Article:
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They showed Strom ideas from modern architecture books and magazines, but made it clear that they didn’t want a glass-walled solarium stuck onto their traditional home. Strom designed the 400-square-foot sunroom on the southwest corner of the house.
“By projecting it out 8 feet, we were able to get three sides of light,” he said. The floor-to-ceiling divided-light windows and full-height French doors blend with the home’s existing architecture.
Inside, a continuous “floating” soffit around the perimeter of the room screens the motorized privacy shades and houses built-in indirect lighting for a clean, uncluttered look. White painted woodwork offers a crisp contrast to the heated dark gray polished concrete floors.
“When they put in the new concrete floor, it cracked and I was upset at first,” said Ellermann. “But then it looked old like the rest of the house.”
The sunroom has column-like forms in every corner, which give the room “depth, dimension and strength,” said Strom.
At Ugurbil’s request, Strom added another source of natural light — a massive skylight.
“Chris said I would need sunglasses, it would be so bright,” said Ugurbil. “I said, ‘Give it to me!’ ”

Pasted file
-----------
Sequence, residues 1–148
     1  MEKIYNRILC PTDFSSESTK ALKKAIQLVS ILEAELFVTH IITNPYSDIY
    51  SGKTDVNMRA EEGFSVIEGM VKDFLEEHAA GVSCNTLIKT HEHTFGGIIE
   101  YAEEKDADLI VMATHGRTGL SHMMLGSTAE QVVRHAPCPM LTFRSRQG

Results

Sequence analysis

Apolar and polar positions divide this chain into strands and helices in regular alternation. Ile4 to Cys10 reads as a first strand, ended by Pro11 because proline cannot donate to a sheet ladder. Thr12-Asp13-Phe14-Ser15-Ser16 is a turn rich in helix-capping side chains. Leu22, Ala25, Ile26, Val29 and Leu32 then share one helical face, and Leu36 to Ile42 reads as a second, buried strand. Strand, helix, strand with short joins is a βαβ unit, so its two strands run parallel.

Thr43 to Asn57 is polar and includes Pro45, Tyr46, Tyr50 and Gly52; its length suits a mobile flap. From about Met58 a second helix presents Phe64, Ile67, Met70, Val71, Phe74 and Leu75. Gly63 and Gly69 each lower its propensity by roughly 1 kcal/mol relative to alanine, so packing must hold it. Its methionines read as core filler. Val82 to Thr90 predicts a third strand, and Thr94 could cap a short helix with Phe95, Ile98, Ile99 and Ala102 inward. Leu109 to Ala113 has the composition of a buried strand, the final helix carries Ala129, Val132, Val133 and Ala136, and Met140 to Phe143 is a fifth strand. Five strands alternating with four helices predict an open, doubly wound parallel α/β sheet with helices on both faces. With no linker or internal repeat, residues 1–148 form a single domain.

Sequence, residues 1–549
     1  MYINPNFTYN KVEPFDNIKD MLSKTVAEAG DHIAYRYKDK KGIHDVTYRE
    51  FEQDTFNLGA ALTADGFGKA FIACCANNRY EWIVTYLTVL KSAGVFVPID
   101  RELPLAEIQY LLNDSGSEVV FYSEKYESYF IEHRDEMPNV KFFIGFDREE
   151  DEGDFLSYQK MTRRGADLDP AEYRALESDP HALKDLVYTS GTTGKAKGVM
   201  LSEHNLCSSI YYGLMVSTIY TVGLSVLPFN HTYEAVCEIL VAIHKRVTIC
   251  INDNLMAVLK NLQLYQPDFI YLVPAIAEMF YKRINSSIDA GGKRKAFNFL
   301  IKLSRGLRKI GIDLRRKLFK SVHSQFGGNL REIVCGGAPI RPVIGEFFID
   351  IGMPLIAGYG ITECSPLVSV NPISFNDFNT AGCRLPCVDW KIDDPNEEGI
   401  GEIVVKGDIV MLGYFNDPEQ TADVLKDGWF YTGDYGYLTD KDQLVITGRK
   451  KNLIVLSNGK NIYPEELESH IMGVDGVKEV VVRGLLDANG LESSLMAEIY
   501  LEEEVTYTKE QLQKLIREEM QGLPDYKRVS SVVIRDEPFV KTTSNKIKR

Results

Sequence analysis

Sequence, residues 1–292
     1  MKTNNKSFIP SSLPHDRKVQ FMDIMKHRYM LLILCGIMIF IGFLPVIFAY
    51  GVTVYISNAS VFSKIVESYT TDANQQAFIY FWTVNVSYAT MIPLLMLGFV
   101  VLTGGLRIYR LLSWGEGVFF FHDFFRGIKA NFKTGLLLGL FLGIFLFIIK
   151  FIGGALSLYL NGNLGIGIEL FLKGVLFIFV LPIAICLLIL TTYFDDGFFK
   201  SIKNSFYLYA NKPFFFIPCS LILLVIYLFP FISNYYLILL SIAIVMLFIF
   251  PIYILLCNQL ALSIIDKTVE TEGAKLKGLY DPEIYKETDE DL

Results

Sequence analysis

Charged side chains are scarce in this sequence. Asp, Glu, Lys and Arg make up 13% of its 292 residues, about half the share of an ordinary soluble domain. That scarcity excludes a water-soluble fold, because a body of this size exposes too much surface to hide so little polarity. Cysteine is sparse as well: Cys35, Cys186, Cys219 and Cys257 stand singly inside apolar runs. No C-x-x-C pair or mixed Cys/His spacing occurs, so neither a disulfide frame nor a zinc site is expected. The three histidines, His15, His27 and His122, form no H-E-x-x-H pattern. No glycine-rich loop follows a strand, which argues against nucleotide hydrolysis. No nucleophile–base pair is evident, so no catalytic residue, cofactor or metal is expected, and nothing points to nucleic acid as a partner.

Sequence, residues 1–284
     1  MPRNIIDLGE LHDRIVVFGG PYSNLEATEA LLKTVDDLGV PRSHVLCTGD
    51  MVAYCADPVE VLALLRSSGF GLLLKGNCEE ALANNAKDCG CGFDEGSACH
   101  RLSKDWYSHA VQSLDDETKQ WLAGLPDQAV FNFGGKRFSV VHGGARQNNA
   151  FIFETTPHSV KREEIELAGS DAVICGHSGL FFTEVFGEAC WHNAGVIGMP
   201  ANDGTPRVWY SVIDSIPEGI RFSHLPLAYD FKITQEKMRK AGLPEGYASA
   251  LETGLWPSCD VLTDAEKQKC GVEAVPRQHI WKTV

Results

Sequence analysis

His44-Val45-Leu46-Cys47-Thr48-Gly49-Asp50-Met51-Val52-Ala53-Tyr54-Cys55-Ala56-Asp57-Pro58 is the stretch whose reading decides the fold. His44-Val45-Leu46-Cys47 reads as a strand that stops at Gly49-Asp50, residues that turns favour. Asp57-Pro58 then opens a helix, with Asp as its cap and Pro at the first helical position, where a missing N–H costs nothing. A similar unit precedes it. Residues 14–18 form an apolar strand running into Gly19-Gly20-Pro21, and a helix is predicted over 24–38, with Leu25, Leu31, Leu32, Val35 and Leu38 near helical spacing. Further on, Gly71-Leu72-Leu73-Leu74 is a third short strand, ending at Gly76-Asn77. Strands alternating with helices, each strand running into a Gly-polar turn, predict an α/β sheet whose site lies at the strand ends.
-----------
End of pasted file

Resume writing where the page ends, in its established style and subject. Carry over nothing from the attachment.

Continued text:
Strom joined two standard-sized Velux skylights to create the large opening in the ceiling. A hackberry tree provides shade in the summer so the room doesn’t get too hot, and warmth in the winter when the tree drops its leaves.
The sunroom’s placement also offers unobstructed views of the front-yard gardens and the lagoon.
“When you’re sitting in the sunroom, you can appreciate the connection between the front and the back of the house,” said Strom. “It gives you a strong sense of place within the neighborhood.”
As part of the project, the couple requested a European-style basement wine room, which was built under the sunroom. A raw concrete wall, unearthed during excavation, was left in place to add ambience to the cellar. The far concrete wall holds a modern sculptural wine rack, which is always a topic of conversation at gatherings. The rack is made of steel rods suspended from the ceiling. Wine bottles rest on walnut wood blocks. “I like the wine rack design,” said Ugurbil. “It’s light and has a feeling of floating.”
Not surprisingly, Ugurbil wanted some light even in the basement wine room. So Strom came up with an innovative solution: a “light slot” made of thick glass installed in the floor of the sunroom and the ceiling of the wine room that draws diffused light into the basement.
Now that the renovated Minneapolis home has so much sun, Ugurbil says he misses the Mediterranean a little bit less.
Lynn Underwood • 612-673-7619